Insurance fraud in toronto-1
March 9, 2020 /

Ways to Identify an Insurance Fraud in Toronto

Insurance fraud can affect anyone

Insurance fraud is a serious problem that hits many industries and consumers alike around the globe.

It’s identified as one of the most intractable risks across several industries in the Toronto area. As industries attempt to mitigate fraud by various means, fraudsters involved find more elusive ways and continue their exploits processes.

In the case of insurance fraud, taking personal steps to mitigate an insurance fraud can result in costlier circumstances that may sink your business. The best decision yet is to hire an experienced private investigator company for proper investigations and surveillances.

However, there are specific ways to quickly identify an insurance fraud before it escalates and cost your company a fortune. But before then, let’s attempt to understand what insurance fraud is.

What is Insurance Fraud?

Insurance fraud is a deliberate scamming or deceit for a benefit from an insurance firm. An insurance fraud may be beyond one performed against an insurance firm. More recently, it may involve a policyholder, third-party claimant, employees, or even insurance agents. Common frauds include employee-agent fraud, identity theft, WSIB fraud (workplace insurance), and faking or staging accidents or auto thefts where the owner drives the vehicle somewhere and hides it.

Some Facts About Insurance Fraud

  • The Coalition Against Insurance Fraud evaluates $80 billion in fraud per year across all the different types of insurance.
  • According to the RGA 2017 Global Claims Fraud Survey, 1 in 30 claims are reported as fraudulent globally.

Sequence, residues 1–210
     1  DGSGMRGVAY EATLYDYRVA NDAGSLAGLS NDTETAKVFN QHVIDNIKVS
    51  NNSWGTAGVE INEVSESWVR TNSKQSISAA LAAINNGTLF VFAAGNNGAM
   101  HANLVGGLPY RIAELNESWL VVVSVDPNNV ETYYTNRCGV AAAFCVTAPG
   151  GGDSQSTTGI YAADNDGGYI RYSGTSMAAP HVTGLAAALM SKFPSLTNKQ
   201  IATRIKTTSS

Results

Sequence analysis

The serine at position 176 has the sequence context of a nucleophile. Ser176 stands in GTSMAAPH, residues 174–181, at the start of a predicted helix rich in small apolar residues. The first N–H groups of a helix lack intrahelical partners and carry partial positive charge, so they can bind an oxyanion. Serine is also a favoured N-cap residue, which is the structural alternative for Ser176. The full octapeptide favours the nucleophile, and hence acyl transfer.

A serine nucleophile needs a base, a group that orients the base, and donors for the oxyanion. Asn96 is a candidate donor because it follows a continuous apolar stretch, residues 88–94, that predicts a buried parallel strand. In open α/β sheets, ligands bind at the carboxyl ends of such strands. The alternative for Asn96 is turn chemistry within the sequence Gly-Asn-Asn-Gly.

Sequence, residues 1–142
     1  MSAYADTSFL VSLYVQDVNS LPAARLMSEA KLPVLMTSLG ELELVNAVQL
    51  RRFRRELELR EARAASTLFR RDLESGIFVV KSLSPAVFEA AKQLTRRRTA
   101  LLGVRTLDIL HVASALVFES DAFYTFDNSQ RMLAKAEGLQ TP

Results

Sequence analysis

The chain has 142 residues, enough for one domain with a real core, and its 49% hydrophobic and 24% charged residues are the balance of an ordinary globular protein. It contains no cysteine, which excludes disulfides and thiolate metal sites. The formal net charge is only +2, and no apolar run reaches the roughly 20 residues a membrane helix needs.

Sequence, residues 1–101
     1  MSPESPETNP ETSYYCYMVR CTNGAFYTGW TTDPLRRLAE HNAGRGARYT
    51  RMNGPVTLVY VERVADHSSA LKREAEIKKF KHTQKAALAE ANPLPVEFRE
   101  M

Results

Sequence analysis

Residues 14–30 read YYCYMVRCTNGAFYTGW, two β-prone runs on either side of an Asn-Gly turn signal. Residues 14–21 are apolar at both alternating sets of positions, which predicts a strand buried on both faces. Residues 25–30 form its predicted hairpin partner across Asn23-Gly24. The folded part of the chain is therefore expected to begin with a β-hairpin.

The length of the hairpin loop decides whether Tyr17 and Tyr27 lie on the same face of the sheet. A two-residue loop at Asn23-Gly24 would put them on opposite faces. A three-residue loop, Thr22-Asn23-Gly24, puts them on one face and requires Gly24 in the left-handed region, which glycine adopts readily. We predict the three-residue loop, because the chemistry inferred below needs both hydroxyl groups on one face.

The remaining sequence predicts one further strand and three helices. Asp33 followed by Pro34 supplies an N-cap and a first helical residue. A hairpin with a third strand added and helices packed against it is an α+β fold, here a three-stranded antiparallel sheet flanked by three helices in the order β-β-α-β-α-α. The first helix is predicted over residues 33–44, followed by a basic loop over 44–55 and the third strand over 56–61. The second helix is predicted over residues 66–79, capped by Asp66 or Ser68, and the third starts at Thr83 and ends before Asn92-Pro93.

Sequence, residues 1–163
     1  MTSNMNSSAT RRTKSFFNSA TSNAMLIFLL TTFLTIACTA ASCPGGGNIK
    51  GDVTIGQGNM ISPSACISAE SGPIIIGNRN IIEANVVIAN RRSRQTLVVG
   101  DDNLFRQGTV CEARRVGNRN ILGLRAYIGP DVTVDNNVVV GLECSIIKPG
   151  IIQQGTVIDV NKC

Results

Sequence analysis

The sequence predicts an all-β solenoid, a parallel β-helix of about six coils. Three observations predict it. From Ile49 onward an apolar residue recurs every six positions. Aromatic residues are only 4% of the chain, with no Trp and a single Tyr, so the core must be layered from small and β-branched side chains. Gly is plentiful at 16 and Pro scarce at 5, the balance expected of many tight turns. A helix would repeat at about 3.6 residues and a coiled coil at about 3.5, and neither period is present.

• Fraud involves about 10% of property-casualty insurance losses and equals about &34 billion per year.

Ways to Identify an Insurance Fraud in Toronto

Identifying the schemes of insurance fraud can be easy if you understand the red flags of fraud. That said, you may watch out for these two signs: layering and structuring.

Although layering and structuring are often identified with money laundering, they are similar schemes associated with insurance fraud. And they may help you identify one quickly.

Layering: involves using multiple cash equivalents such as money orders from several fund services to make payments on an insurance policy.

Structuring: because of the threshold for reporting in one transaction, many fraudsters make multiple cash deposits in smaller amounts into different banks each day.

However, here are some indicators or red flags that may help you identify an insurance fraud:

  • The insured has many cases of insurance claims & losses in the past.
  • The claim comes a short time after the inception of the policy. Or after a change or increase in the coverage that backs the claim up.
  • In a theft claim, the claim includes a lot, expensive, and bulky property, primarily when the insured can’t provide receipts or owner’s manuals.
  • The insured is very firm about a quick settlement and tends to be knowledgeable about insurance coverage and claims processes.
  • A large number of real estate homes were purchased at garage and yard sales and flea markets, and there are no receipts.
  • The insured’s claim seems too perfect – they have all the necessary documents ready.
  • The amount of the claim is different from the value reported by the insured.
  • Refusal to involve the police.
  • Fake documents or handwriting receipts provided for property repairs or replacement.

Concluding Thoughts

Discreet, thorough investigations can help reduce the loss and damages associated with insurance fraud cases. Use the guide and red flags in this article to identify insurance fraud and stay safe of one successfully.

More advisably, choose a professional private investigator company like PiPro whose specialization is to identify fraudulent claims. Private investigators can go extreme such as hiding in the bush to snap photos of a victim, performing background checks, and interviewing claimants & any witnesses. While insurance firms hire some PIs, insurers also hire them for investigation needs.